Custom is necessary, as our first stop will be the Greek island of Kos, which is about 2.5 – 3 hours of sailing away. The weather is sunny, with a firm breeze and pleasant temperatures. With a population of just over 33,000, Kos is a relatively large island, the 16thlargest of all Greek island, roughly measuring 40 by 8 kilometers, and is located about 4 kilometers off the coast of Bodrum. As one of the more important islands of the Dodecanese islands, of which Rhodes was the most prominent in ancient times, Kos famously served as the location for the school of medicine founded by Hippocrates. This historical significance combined with it's mixed cultural heritage (as part of the Dodecanese, the island has been subject to some historical turbulence that, aside from the Classical period, include periods of Ottoman and Italian rule), makes the island a rich and versatile location to visit. With one of the biggest market places of the ancient world, there has been a long tradition of commerce on Kos, which left it's mark on the versatile heritage to be discovered here. Ample sites can be seen, and the main town feels like a pleasant mix between the old and the new.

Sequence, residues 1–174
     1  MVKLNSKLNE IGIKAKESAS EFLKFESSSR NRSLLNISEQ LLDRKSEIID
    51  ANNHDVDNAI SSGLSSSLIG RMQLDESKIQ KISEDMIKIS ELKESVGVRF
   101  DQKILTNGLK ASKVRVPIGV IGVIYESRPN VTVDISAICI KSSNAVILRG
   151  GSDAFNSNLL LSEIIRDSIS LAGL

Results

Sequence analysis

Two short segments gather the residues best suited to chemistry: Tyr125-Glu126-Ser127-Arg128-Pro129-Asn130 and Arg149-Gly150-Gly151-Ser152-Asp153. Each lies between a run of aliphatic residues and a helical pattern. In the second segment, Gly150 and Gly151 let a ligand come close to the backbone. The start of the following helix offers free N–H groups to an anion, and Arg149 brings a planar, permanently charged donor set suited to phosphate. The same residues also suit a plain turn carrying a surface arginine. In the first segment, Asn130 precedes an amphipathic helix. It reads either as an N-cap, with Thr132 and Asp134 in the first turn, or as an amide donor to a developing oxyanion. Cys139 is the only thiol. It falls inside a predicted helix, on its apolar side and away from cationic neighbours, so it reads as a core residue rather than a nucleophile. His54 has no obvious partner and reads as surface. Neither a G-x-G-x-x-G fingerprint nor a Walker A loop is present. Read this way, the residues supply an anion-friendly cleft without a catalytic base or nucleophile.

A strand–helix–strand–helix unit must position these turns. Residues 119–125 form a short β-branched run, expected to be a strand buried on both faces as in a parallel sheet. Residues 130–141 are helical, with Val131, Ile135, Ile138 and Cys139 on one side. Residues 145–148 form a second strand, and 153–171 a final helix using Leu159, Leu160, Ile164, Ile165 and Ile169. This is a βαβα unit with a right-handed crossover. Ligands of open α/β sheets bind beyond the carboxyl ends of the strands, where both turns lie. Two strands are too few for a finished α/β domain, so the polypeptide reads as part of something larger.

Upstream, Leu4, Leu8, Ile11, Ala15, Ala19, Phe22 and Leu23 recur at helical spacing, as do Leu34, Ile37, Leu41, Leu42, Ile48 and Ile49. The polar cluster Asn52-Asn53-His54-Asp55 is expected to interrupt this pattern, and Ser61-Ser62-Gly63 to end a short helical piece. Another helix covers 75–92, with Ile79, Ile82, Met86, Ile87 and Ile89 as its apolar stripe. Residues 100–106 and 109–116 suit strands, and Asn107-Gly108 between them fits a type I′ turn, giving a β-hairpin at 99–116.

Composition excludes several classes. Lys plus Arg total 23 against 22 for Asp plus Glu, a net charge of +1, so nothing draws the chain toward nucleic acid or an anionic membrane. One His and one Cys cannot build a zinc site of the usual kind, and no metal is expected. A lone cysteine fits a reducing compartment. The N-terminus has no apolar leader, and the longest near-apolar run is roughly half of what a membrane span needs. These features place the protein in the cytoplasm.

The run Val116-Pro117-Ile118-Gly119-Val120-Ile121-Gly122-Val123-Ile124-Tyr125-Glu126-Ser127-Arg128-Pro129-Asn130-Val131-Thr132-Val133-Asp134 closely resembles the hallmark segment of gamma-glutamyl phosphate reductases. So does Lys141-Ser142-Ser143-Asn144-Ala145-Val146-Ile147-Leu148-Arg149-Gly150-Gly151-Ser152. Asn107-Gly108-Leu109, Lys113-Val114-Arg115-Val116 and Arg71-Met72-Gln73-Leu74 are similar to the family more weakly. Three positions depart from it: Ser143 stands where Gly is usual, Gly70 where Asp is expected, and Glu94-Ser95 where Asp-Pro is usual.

We spent our first night onboard Carpe Diem IV at anchor in Kos' old port, which is located adjacent to the old town. The next day, after breakfast, we spend some time exploring the town and taking in the pleasantly cozy atmosphere. Sauntering through the old town's small streets and across charming squares, there are various interesting sites to see here. The modern market, the cathedral and various churches are among them, and various ancient sites, such as the 14th century Knights Hospitaller fortress and the ancient agora, are located at just a short walk's distance.
We spend some soothing time in the old part of Kos town, before continuing our journey to a bay on the southern coast of Kos, where some of our fellow guests opt for a refreshing swim. Spending time on deck, soaking up some sun, enjoying the magnificent views and simply relaxing, it all seems to come naturally onboard either of the Carpe Diem-twins.